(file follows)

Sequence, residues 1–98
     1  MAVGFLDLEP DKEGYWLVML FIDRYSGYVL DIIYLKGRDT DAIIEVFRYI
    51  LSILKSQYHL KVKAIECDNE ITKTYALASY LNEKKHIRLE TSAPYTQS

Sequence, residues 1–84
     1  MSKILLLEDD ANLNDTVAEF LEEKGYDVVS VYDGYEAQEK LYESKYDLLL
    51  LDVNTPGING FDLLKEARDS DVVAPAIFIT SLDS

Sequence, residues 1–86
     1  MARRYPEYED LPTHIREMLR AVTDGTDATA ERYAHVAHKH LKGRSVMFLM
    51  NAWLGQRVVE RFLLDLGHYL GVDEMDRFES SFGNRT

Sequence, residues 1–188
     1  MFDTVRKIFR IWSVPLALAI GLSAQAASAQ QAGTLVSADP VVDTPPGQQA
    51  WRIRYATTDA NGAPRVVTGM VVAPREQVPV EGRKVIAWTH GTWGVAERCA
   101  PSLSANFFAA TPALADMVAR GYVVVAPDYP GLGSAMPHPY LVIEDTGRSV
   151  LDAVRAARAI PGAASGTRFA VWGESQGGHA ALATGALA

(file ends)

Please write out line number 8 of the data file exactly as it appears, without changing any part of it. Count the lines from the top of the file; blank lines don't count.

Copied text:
     1  MARRYPEYED LPTHIREMLR AVTDGTDATA ERYAHVAHKH LKGRSVMFLM